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Land Use Policy Plan

Adopted by Planning Commission November 10, 2005
Latest revision: September 8, 2015

The purpose of the land use plan is to establish specific goals aimed at guiding the development of the community and set forth general policies for achieving them.  The goals and policies are then implemented through the use of the zoning ordinance, subdivision regulations, municipal codes, utility installations, and capital improvements programming and budgeting.  Therefore, the land use policies enumerated below are intended to give guidance to those individual decisions and develop a total framework for the future development of the Town.

Population Trends and Growth Factors

The Town of Nolensville has historically been a rural area with a small business district on the main highway, Nolensville Road.  From a population of 1,702 in 1990 and 2,313 in 2000, the Town has grown to 7,936 by the end of 2014 (Special Census), a change from year 2000 to 2014 of 244%. The town is situated geographically in the midst of a major suburban growth area and part of a dynamic metropolitan Nashville/Middle Tennessee region.  Located in the northeast corner of Williamson County, one of the fastest growing counties in the state, Nolensville is very close to Rutherford County, which is also growing rapidly and is one of the leading counties in the creation of new jobs.

A key factor influencing growth in the Nolensville area is the availability of public sewer trunk line provided by the Metro Nashville Department of Water and Sewerage Services. This trunk line is providing adequate capacity to service the area within most of the current municipal boundaries as well as the land area within the urban growth boundary.  The economic attraction of Williamson County and the Nashville Metropolitan area continues to contribute heavily to the current growth and is expected to continue attracting new residents and businesses to the Nolensville area.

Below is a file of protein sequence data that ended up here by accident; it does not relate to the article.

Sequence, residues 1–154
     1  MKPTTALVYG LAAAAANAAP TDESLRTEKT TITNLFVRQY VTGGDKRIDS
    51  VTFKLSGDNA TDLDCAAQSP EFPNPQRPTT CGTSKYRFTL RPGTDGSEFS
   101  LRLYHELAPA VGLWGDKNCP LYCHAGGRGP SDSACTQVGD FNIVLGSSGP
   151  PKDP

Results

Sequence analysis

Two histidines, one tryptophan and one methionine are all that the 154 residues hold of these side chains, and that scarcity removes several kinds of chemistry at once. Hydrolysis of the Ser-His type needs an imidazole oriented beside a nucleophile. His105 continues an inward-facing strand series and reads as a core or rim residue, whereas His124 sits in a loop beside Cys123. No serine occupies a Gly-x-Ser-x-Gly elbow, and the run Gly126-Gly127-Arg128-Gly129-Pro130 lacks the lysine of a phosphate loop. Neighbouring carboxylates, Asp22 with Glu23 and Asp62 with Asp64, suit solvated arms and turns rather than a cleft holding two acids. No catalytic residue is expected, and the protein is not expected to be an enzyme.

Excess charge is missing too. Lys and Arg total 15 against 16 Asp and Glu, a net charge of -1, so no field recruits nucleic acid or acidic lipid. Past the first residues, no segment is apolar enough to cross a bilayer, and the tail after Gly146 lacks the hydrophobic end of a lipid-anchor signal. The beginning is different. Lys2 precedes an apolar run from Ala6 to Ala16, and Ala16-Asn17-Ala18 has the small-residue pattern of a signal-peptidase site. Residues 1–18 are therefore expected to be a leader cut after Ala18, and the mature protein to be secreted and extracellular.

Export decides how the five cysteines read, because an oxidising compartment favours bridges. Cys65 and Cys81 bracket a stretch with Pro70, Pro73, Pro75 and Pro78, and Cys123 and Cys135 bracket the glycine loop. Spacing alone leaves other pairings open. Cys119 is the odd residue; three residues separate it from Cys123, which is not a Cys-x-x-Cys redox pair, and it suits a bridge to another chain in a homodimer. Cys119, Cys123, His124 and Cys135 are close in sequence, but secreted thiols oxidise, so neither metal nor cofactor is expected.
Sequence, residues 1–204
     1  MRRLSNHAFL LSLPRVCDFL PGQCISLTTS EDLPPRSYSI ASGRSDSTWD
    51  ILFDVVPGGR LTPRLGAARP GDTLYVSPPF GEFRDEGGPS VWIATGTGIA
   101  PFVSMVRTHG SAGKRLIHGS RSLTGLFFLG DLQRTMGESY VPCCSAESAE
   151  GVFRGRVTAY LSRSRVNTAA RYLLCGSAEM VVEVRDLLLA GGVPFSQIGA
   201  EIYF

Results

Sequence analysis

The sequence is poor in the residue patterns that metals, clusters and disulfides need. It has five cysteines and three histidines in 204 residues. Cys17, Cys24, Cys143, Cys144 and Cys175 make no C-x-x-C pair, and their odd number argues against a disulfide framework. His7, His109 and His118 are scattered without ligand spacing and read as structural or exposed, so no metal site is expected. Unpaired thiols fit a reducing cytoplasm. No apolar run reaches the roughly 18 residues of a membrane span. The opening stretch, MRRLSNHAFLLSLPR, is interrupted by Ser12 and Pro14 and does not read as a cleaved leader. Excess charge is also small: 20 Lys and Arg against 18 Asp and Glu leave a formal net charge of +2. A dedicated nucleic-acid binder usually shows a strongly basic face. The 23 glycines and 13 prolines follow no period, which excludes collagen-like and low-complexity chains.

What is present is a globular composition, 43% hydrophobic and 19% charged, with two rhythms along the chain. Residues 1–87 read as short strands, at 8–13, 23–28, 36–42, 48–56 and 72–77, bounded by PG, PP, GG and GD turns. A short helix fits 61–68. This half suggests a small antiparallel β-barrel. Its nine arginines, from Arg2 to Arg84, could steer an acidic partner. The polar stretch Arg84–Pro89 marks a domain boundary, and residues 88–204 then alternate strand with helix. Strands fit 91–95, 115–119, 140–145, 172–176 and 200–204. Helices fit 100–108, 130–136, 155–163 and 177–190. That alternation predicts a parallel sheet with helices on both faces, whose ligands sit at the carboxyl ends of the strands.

Another impetus for growth in the area is the education system of Williamson County.  It is generally considered to be an excellent system, thus attracting new residents with children to the area.  During the last decade three new elementary schools, two new middle schools, and one new high school have been built and opened in Nolensville.


Williamson County is expected to experience the highest rate of growth in the region and nearly double its population by 2035, and Nolensville and Thompson’s Station are predicted to have major population increases according to the Nashville Area MPO, Technical Memo #2, Southwest Area Transportation and Land Use Study.  In planning the future land use development of the Town, projection of population growth is essential.


These projections are based upon average new dwelling units built per year (199.67) for the previous 36 months from June 2015, the Town’s average population per occupied household (3.26) from the U.S. Census 2010 data, and assume continuing the same annual rate of growth:

Population Year 2014:                            7,936  (special census)
Projection Year 2020:                           11,516
Population Year 2025:                           14,771
Population Year 2035:                           21,280

Vision Statement and Goals and Objectives

Nolensville, as a community has existed since the 1800s.  It was not until 1996 the town incorporated as a municipality as the Town of Nolensville.   Since the time of its incorporation, the Town has taken a proactive approach to planning.  Several planning studies were conducted to determine potential growth areas, the desired rate of growth and the desired outcomes from growth.  A visioning process was also conducted.  From these beginnings and with continuing reassessment by the planning commission the following goals and objectives and vision were formulated.


Nolensville should retain its small town character, scenic value, and ecological quality while accommodating carefully controlled growth. Such growth should provide   housing opportunities, needed community services and shopping opportunities, job creation, fiscal revenues, and the necessary infrastructure to support growth. Growth should be compact, land efficient and not pose a financial strain on the municipal government and its existing residents.


Goal 1:   Preserve and enhance the existing small town character of Nolensville while creating a strong sense of town identity and community or “sense of place”.


a. Develop mandatory commercial design guidelines that promote high standards of design appropriate in scale, appearance and use for a small town.
b. Promote the continuation of agricultural uses in appropriate areas.

Goal 2:   Develop a pedestrian and bicycle friendly network of trails, sidewalks and greenways linking residential, recreation, commercial, civic, and institutional uses.